Wait, and wait some more, isn’t what the doctor ordered

If there is a long lineup, and people in the queue need something, some of those people will do what they can to move ahead.

Queuing was endemic in Soviet-style regimes: for necessities (toothpaste, soap) and for services (telephones, apartments). So people did what they could, used what influence they could find, told whatever lies were necessary, and tried to move ahead.

Canadian health care is not Soviet-style, despite what its rhetorical critics sometimes allege. Thirty per cent of health-care spending isn’t public at all; it’s private, for a majority of drug costs, eye care, and lots of home care, long-term care and nursing homes. And the number of people within the public system who try to manipulate queues is small relative to the chronic wait times at every level of the system, except emergency and very acute care.

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Canadian wait times are regrettably among the longest, or the longest, in the Western world, depending on the study. When such lengthy wait times exist, people will often do what they can to get their ailments attended to more quickly. If someone is in pain, or is simply apprehensive, to be told to wait and wait some more isn’t what the doctor ordered, as the saying goes.

A few years ago, two prominent individuals made serious allegations that senior public figures and/or rich people in Alberta were gaming the waiting lists for themselves and/or friends. The two were Stephen Duckett, then-CEO of Alberta Health Services, and Raj Sherman, Liberal leader and ER doctor.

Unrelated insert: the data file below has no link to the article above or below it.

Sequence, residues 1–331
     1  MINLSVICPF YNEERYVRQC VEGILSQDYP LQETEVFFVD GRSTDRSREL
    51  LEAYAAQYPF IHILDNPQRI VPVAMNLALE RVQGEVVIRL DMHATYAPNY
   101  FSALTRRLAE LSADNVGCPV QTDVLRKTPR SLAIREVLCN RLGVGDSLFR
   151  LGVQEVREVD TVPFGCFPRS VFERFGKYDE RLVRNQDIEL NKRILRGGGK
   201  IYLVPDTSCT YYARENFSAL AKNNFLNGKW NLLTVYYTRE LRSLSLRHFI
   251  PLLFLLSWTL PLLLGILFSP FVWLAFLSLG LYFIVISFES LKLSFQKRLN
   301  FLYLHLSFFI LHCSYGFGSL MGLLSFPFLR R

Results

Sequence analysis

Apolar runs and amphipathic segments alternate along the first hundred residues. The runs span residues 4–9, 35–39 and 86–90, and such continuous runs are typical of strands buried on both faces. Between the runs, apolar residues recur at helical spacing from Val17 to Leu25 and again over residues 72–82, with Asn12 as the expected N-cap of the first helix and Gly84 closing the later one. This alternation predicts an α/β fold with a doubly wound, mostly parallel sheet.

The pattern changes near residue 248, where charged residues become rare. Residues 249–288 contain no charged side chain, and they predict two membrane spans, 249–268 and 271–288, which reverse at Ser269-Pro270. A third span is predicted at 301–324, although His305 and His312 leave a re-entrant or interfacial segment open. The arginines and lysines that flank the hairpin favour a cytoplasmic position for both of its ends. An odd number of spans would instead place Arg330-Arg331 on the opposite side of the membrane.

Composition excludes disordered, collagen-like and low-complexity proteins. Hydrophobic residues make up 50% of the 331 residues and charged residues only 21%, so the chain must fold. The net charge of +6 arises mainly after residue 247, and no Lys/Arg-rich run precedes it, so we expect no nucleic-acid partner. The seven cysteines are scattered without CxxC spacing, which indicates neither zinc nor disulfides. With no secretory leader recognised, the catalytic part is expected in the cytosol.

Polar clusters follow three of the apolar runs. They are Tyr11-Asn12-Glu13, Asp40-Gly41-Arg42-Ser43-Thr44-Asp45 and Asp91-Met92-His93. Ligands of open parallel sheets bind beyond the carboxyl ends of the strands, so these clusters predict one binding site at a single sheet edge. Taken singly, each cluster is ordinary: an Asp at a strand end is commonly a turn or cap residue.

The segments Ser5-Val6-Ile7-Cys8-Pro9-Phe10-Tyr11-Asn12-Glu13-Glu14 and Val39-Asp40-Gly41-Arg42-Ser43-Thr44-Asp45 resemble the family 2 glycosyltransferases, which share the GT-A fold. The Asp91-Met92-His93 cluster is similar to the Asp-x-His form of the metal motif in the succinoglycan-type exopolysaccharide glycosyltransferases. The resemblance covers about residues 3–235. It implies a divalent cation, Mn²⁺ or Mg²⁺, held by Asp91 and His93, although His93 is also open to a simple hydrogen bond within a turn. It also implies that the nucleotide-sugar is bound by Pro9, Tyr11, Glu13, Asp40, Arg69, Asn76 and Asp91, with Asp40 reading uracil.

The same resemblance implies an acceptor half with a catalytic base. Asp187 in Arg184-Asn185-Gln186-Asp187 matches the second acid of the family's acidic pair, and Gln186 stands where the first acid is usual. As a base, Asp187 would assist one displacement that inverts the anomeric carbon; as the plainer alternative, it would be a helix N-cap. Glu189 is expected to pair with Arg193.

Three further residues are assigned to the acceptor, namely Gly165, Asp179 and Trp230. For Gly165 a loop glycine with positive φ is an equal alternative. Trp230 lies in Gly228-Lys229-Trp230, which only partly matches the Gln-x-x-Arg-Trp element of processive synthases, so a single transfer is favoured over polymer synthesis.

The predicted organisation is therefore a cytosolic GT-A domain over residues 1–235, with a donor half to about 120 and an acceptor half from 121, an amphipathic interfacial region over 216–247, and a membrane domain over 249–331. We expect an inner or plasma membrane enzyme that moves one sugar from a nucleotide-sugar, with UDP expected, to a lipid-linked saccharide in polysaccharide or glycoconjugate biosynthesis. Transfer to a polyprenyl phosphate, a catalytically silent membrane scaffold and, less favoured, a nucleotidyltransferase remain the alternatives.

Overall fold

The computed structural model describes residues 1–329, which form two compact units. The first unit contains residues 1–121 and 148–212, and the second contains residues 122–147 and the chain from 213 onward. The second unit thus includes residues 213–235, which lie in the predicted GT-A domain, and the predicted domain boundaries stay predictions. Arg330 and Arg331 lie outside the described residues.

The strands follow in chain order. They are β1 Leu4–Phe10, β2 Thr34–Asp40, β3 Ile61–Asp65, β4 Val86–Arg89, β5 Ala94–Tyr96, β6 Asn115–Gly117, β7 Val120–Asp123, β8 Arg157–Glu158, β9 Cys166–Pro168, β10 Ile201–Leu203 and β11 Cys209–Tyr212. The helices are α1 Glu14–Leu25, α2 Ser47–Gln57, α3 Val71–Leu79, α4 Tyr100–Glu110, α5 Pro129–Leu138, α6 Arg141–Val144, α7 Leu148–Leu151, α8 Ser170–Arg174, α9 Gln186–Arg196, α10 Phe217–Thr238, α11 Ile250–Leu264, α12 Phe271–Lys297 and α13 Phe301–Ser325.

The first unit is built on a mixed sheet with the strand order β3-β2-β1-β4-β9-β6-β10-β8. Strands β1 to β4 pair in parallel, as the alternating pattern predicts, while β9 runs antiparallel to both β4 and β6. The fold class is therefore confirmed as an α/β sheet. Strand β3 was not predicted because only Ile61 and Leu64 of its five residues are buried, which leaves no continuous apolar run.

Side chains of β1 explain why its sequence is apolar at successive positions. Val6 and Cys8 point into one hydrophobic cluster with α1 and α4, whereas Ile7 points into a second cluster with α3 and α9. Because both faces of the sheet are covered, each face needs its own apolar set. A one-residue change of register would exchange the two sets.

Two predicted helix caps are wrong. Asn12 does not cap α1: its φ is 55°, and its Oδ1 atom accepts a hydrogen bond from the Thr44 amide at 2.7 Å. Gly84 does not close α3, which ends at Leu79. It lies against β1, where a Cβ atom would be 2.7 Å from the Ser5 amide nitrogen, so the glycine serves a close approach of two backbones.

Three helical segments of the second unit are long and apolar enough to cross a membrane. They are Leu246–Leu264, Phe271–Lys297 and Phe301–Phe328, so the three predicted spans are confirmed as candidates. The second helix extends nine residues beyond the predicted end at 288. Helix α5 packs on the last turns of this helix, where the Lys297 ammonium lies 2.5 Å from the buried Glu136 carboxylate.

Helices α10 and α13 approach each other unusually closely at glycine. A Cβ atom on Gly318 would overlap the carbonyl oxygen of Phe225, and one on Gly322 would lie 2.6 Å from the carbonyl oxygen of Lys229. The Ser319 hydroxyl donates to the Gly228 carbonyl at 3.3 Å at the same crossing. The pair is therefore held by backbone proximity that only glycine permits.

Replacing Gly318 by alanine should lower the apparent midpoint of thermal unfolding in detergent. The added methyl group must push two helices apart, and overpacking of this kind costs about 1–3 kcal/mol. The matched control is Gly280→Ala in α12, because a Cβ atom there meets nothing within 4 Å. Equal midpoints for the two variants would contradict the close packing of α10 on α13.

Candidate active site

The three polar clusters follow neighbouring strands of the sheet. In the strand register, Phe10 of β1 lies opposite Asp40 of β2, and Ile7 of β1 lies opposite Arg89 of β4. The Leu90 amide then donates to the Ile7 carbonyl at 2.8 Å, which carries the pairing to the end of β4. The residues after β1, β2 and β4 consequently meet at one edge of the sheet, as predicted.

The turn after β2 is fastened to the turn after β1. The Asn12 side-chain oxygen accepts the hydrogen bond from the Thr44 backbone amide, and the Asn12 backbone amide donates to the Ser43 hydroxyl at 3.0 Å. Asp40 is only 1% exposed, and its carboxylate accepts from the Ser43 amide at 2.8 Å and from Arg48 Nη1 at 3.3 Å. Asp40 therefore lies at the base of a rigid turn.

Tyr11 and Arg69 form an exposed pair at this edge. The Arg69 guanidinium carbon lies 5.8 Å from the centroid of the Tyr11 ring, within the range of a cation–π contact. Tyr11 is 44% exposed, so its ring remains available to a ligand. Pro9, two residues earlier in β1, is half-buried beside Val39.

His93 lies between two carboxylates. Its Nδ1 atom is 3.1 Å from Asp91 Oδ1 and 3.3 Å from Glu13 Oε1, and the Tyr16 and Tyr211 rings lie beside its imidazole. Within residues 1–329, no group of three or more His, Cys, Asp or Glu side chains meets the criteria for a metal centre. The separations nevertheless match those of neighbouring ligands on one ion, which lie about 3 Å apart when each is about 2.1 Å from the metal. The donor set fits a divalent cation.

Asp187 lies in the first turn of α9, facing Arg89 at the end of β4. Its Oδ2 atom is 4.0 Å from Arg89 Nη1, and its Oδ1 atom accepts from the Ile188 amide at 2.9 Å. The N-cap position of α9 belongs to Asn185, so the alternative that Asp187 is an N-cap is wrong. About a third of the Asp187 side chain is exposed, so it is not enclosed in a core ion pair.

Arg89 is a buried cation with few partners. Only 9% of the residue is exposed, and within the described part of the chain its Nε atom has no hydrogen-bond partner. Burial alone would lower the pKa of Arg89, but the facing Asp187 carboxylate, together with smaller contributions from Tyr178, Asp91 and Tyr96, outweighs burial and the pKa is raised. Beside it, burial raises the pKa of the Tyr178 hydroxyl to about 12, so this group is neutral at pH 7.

These were serious allegations from important figures in Alberta. The ensuing uproar caused a public inquiry to be created under a retired judge, John Vertes.

In his two-volume report, released recently, Mr. Vertes completely rejected these charges. Mr. Duckett has returned to his native Australia, and therefore is far removed geographically from apologizing. The same excuse cannot be offered to Dr. Sherman.

Having rejected the allegations, Mr. Vertes then examined the extent of preferential treatment within the Alberta health system. He found a few obvious instances of special treatment – Calgary Flames hockey players getting flu shots – and then made 12 recommendations for better managing wait lists and ensuring that no preferential access be granted. Just to enforce further these strictures, he urged extended whistle-blower protections for people wishing to allege queue-jumping.

It’s the classic Canadian response to the problem of wait times: more regulation, better management, more surveillance. The only thing Mr. Vertes didn’t suggest was more money, because that “solution” has been tried and found largely wanting.

In 2004, Canadian governments decided to inject $41-billion more into health care, indexed at 6 per cent annual increases. A little more than 10 per cent of this new money was directed at reducing wait times for five procedures: radiation, hip and knee replacements, hip fractures, cataract surgery and bypass surgery.

They then set “benchmarks” for what were deemed medically appropriate times to wait. But these time frames came with the loosest possible definition: the time between consultation with a specialist and surgery. In most other countries, the clock starts either with first consultation with a family doctor, or the reference from the doctor to a specialist.

So having given themselves easy benchmarks for wait times, by international standards, how have the provinces done? Put simply, they lowered some wait times, but none of them met their benchmarks. Ontario seems to have done best; Alberta comes in middle-of-the pack.

Worse, according to the Canadian Institute for Health Information, backsliding away from the benchmarks is now happening. About 21,000 more procedures in these five priorities areas were done in 2012 than in 2011, but demand increased faster than supply so that wait times grew in six provinces.

European countries have better – in some cases much better – wait time results than Canada. None of their innovations figure in Mr. Vertes’s report, which was a classic command-and-control reply to a national problem.

As long as wait times don’t improve, and the queues stay long and patient frustrations continue, at least some people will implore, hector, cajole, push and do whatever they can to get faster treatment. It’s human nature.

© The Globe and Mail